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Thursday, February 18, 2016

Two good books for fourth, fifth, and sixth grade boys especially

Paulsen, Gary (1989)  The Winter Room. New York:  Dell Yearling



Opening lines:  "In the spring, everything is soft.  Wayne is my older brother by two years and so he thinks he knows more than I can ever know.  He said Miss Halverson, who teaches eighth grade, told him spring was a time of awakening, but I think she's wrong.  And Wayne is wrong too."

Everyone knows Paulsen's book Hatchet.  It is amazing, though, how many of Paulsen's other books remain on the shelves, unread.  This is a rambling set of four big interwoven stories, and within each of them, countless other stories. Here you will find the story of two boys trying to imitate their favorite western television programs by jumping from the hayloft of a barn down onto a horse and what happens next.  here you will find the story of a practical-joker elderly Norwegian farmer who, when he knew he was going to die in the deep winter, opened all the doors of his house and went into the smallest room, then lay down ont he floor with his arms and legs spread wide, knowing that his friend would find him and would have to figure out how to get his body out of the house.  And here is the larger overarching story of two boys who idolize their uncle, lose faith in his amazing powers, and then find that faith rekindled.

At 102 pages, this would make a good quick read-aloud or a good book to give to students who don't have the stamina to read a longer work yet.  Students without senses of humor, or those opposed to stories that take place in rural places should probably take a pass on this one.




Gantos, Jack (1994)  Heads or Tails:  Stories from the Sixth Grade.  New York:  Farrar Straus Giroux.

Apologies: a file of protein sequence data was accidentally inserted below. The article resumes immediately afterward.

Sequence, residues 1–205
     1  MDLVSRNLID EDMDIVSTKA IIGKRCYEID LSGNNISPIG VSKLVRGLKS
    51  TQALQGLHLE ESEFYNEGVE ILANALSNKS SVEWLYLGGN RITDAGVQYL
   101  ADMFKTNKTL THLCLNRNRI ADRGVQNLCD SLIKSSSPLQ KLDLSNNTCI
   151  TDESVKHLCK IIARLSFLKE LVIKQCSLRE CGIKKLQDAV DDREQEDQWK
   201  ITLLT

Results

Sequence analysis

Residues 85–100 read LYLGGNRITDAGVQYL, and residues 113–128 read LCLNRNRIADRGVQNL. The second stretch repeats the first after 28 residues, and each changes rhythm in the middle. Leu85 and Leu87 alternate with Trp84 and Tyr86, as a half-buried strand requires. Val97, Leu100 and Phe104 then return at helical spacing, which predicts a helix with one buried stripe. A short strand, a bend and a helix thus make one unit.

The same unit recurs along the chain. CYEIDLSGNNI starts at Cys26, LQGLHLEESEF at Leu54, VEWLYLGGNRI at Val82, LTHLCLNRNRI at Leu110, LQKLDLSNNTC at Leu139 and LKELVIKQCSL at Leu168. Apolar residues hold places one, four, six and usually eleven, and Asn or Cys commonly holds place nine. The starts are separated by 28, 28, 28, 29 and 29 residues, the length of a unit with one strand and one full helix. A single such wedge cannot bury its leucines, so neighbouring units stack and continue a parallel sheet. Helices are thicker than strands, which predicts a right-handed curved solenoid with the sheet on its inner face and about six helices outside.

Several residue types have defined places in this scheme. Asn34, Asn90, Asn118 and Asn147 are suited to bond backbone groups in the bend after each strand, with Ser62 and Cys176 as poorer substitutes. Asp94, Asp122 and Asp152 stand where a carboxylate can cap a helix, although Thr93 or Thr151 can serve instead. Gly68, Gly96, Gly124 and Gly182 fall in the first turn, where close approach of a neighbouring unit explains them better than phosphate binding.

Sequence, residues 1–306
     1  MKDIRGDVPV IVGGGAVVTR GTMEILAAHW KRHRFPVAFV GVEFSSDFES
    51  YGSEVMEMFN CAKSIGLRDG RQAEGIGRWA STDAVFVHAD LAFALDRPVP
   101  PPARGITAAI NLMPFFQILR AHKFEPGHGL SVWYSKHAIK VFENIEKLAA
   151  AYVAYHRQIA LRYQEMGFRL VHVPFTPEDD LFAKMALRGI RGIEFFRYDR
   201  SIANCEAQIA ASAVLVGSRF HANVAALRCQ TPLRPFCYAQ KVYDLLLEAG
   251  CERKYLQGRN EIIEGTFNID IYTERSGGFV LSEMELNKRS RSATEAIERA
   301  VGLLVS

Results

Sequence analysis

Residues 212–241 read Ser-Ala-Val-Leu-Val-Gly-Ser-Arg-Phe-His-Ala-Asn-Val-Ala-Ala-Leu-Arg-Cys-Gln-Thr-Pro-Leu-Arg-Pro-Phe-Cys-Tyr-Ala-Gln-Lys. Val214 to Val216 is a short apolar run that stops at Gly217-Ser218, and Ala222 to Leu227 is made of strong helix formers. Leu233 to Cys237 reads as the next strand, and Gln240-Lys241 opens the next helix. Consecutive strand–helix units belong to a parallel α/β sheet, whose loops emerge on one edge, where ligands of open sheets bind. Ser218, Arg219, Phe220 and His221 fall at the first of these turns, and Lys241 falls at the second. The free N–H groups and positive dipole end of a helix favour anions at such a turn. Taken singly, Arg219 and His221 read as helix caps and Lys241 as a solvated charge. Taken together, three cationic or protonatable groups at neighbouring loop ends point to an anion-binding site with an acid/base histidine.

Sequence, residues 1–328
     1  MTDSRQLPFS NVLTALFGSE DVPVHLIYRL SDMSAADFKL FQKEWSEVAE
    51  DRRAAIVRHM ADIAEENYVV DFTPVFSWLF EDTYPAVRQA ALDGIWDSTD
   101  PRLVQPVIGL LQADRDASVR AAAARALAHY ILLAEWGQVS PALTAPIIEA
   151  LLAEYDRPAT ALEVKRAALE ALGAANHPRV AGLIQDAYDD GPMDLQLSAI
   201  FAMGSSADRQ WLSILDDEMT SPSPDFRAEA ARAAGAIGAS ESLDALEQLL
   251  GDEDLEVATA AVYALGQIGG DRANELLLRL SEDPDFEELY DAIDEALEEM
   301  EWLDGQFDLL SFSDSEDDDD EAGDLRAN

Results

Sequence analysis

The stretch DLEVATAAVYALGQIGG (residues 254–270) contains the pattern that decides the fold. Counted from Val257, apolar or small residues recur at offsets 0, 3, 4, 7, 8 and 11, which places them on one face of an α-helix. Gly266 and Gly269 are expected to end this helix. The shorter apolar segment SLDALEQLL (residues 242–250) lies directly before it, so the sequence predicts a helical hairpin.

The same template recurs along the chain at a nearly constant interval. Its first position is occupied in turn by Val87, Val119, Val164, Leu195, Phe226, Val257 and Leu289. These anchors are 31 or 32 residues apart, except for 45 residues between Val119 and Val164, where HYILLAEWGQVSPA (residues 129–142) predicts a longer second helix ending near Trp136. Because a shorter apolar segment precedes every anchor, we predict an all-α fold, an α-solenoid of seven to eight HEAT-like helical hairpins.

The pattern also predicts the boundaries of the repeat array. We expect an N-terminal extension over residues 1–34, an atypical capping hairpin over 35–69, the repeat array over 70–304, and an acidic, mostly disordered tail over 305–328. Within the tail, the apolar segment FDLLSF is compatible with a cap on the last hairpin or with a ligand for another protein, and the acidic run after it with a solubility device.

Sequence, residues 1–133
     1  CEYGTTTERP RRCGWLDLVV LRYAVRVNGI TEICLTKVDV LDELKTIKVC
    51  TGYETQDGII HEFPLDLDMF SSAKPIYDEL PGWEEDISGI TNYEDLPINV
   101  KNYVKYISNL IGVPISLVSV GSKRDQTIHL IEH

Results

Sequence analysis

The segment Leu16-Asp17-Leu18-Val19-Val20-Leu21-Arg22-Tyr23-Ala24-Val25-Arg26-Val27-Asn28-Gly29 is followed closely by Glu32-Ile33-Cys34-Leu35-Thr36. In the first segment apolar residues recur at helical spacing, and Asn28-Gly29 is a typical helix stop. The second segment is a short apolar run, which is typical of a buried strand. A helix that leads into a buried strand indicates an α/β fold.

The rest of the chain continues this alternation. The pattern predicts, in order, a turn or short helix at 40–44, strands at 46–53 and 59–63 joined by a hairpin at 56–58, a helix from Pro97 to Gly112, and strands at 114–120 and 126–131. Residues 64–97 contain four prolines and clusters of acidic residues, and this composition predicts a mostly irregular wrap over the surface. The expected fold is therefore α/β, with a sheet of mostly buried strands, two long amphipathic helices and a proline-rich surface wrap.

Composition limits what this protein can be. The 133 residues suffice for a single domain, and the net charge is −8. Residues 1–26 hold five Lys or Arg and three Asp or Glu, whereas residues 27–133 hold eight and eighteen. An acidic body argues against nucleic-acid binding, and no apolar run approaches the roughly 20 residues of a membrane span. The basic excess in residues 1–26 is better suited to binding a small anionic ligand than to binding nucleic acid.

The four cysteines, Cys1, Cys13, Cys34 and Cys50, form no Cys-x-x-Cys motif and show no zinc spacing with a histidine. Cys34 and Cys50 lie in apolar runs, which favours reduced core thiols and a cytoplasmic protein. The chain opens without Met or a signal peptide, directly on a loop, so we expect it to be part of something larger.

"I crept up on my diary.  Carefully I undid the lock with the small key I kept on a string around my neck, then slowly opened it.  "Ughhhh," I moaned.  The pages were filled with squished spiders."

Jack is a sixth grader with an odd life.  His dad says he has a new job and they are going to move out of the lower class neighborhood they live in with weird neighbors and alligators in the canal.  Jack keeps getting his brother into trouble.  Jack never means to, but each time it happens, his parents seem to get more frustrated with him.  Jack joins the safety patrol so he can talk to Donna, a girl he likes, but then she quits the safety patrol and he has to deal with a crabby lady whose house is next to where he walks kids across the street.  And there is a hurricane on the way.  Fortunately, Jack seems to be able to find joy or at least humor in all of his difficult circumstances..  The book is kind of dark at moments (but then, so is life as a sixth grader) but overall, seems to have a positive upswing.

Like The Winter Room, this book has an overarching story, but at the same time seems to be a collection of shorter episodes.  This might be frustrating for more experienced readers looking for a single large plot to drive the action, but for less experienced readers, the episodic stories might help them be able to take smaller bites and digest their reading as they go.

There is some mild swearing in this book (I believe the word "hell" comes up once, but nothing here that would likely cause the book to be challenged. It is a good book.






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